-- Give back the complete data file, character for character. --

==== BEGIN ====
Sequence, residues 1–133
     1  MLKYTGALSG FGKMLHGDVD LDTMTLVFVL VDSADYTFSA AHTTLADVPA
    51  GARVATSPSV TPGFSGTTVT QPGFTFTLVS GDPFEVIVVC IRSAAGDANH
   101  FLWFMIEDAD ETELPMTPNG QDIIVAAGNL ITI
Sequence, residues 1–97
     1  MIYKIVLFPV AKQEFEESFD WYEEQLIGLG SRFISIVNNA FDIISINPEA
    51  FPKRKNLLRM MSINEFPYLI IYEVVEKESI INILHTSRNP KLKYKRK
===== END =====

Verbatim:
Sequence, residues 1–133
     1  MLKYTGALSG FGKMLHGDVD LDTMTLVFVL VDSADYTFSA AHTTLADVPA
    51  GARVATSPSV TPGFSGTTVT QPGFTFTLVS GDPFEVIVVC IRSAAGDANH
   101  FLWFMIEDAD ETELPMTPNG QDIIVAAGNL ITI
Sequence, residues 1–97
     1  MIYKIVLFPV AKQEFEESFD WYEEQLIGLG SRFISIVNNA FDIISINPEA
    51  FPKRKNLLRM MSINEFPYLI IYEVVEKESI INILHTSRNP KLKYKRK